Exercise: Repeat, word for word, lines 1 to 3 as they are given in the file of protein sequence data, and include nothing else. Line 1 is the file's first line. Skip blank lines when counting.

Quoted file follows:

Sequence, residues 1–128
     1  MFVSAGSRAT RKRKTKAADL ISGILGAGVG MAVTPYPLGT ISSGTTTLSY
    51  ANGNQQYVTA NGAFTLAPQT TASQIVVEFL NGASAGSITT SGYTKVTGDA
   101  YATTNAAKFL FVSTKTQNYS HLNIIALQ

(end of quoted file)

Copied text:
Sequence, residues 1–128
     1  MFVSAGSRAT RKRKTKAADL ISGILGAGVG MAVTPYPLGT ISSGTTTLSY
    51  ANGNQQYVTA NGAFTLAPQT TASQIVVEFL NGASAGSITT SGYTKVTGDA